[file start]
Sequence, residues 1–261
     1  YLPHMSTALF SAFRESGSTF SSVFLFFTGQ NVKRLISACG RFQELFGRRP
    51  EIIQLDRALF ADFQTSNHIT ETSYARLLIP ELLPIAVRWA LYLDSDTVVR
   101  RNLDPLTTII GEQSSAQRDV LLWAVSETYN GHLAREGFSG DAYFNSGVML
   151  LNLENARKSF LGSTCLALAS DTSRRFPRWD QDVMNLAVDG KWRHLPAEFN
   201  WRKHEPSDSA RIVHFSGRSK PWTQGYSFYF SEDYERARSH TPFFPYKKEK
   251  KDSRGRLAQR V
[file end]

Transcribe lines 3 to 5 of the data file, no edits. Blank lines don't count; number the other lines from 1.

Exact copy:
    51  EIIQLDRALF ADFQTSNHIT ETSYARLLIP ELLPIAVRWA LYLDSDTVVR
   101  RNLDPLTTII GEQSSAQRDV LLWAVSETYN GHLAREGFSG DAYFNSGVML
   151  LNLENARKSF LGSTCLALAS DTSRRFPRWD QDVMNLAVDG KWRHLPAEFN